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Mistake #1: Someone Will Read This

My first drafts of the novel that nearly wasn’t had the same slapdash sense of panic I felt while trying to get it on the page. The first complete draft took nearly 10 years to get on paper. That’s a lot of anxiety.

One of the common, basic, slap your forehead writing lessons is that every emotion you feel when writing the work will be magnified when a reader reads that work. That’s a LOT of anxiety.

At the same time I was working on turning a book shaped object into a novel, I got fed up with my pretentious self and – there’s no real and. I just got fed up with it. Instead of writing works I wanted to read, I thought I had to be more clever than clever, tricky and suave and intellectual. There’s a place for that kind of work, but when I re-read those drafts I could only feel the same work that went into them, pulling me downward into a slog.

All works are devoured differently.

If I sit down with Terry Pratchett’s anything, I’m not leaving until I hit the back cover. Same with Jim Butcher and Kage Baker. I love Italo Calvino, but I can put his works down in the middle of an essay and come back days or months later. I consumed the Three Body Problem in an evening. If I pick up anything Marie Liu, I make sure I have a seat, snacks, and a drink, because I’m not moving until that final sentence closes. Mo Haydr, for all the wonderful grotesque villains and not-quite-heroes, is very easy for me to put down at chapter two for months. Then I find the book again, open to the bookmark, and devour the rest of it. There are parts of Mary Doria Russell’s Sparrow that I had to put down after each paragraph to collect myself. That’s fine.

Before I wrote Draft 24, the magic draft, the one that just came together, I asked myself what kind of experience I was trying to have. Not create, but to have in creating. Usually I was an anxious mess, clawing figures out of mud with my fingernails. I wanted to have the same fun writing that I had reading my favorite books.

So I peeled the pretentious out of my plot and characters. I analyzed past drafts for payoff moments, humor, fear, grief, anger. I didn’t find many. Most of the wordcount was burned on explaining things, which is great for a textbook, but not for a book I actually wanted to read.

When I wrote out the plot on sticky notes that last time, I included a space for the emotions of the characters, and a space for the emotions I wanted the reader to feel. This helped me get a bird’s eye view on pacing, as well as confronting whether my villains were villainous enough or my allies were too helpful, etc. It helped me space out my payoff scenes and information reveals so that I was no longer lecturing made up history to an uncaring audience of 1 (myself, annoyed and ready to go re-read an actual favorite story).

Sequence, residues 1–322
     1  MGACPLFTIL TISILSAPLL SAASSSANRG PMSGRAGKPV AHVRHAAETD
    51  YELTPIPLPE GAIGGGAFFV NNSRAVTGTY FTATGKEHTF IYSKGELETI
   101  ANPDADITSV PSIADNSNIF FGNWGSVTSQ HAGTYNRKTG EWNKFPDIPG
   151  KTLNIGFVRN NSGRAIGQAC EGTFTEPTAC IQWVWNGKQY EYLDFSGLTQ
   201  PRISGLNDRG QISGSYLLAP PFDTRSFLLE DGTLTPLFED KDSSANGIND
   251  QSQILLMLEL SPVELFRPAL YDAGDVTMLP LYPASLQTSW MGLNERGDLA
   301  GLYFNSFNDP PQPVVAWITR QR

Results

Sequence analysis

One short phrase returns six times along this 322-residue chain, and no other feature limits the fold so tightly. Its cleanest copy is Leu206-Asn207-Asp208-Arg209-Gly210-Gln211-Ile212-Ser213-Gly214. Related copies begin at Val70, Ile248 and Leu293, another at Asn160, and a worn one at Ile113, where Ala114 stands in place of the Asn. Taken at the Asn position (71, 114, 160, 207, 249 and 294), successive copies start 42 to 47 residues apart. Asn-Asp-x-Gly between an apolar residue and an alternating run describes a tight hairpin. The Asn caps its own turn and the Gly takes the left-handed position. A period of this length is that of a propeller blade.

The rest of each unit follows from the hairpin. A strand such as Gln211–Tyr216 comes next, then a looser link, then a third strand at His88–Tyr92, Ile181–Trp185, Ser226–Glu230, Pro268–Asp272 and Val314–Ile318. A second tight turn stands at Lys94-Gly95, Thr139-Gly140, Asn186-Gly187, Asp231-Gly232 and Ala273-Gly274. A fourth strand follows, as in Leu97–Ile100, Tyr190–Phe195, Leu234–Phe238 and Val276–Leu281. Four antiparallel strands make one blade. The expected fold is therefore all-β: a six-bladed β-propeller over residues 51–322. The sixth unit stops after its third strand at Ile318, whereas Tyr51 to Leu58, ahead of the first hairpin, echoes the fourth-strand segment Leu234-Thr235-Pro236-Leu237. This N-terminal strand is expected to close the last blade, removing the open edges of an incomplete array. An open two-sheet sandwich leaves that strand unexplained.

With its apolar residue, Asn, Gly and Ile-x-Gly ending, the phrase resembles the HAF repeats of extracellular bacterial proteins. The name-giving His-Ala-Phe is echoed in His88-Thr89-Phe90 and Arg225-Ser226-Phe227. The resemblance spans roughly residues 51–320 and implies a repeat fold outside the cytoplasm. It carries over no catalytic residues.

I took a week off work* and committed to going away from home so that I was trapped with only my story and ideally, a lack of wifi and people who cared if they talked to me. I used a Deskpass trial (highly recommend a co-working space if you need to get out of your head), packed a bag each day like I was going to work, left at 7:30 am and returned after 6 pm. I had two conversations, both with bus drivers. It was glorious.

Every day I sat down, opened my scrivener document, and wrote. The concentrated writing time meant my personal emotions didn’t have time to regenerate and drift away from my story. I careened from mystery to mystery, leaned into plot twists, and by the time I got to the big reveal, I was genuinely surprised as these characters I lovingly, determinedly created spoke to each other without my strict direction. They came alive as I came alive.

If I got to talk to the me who sat down to painstakingly type out draft 3, I would give me the kind of advice I did not have the life experience to appreciate at the time. Be sad. Be happy. Be angry, revel in unrighteousness, be sharply curious, be surprised, be scared, and only after you have earned it, take a deep breath and let it all out. Be at peace.

That’s basically the same writing lesson I got from every teacher, many how-to books, seminars, conferences, friends and mentors. What I didn’t understand all those times before (23 drafts and a few other book shaped objects prior) was that emotions are both complimentary and cumulative. The protagonist is scared, I am worried. The love interest is scared, I am angry. The bully is scared, I am evilly joyful. Those emotions don’t turn off when you hit the enter button for new paragraph or a new chapter. They don’t turn off for your reader, either. Every mystery should make you, the writer, more curious. But if your sense of justice and fairplay has already been elevated through an act of comeuppance, the next comeuppance won’t have the same impact.

Writing the kind of work I want to read was never the first goal, and that was why it took me so long to even finish a work. I was bored while I was writing. I was writing boring things. Or exciting things in a boring way. Even if, by the outline, it should have been an exciting story, I was too wrapped up in being new and special to appreciate the kinds of things I liked to read. And in turn, that meant my reader would feel that sense of boredom in a magnified manner.

Don’t be entertaining. Be entertained.

*Not everyone is lucky enough to have time off from work, but I found myself working for a company that offered three whole weeks vacation annually. Yes, I am in the USA, whataboutit.

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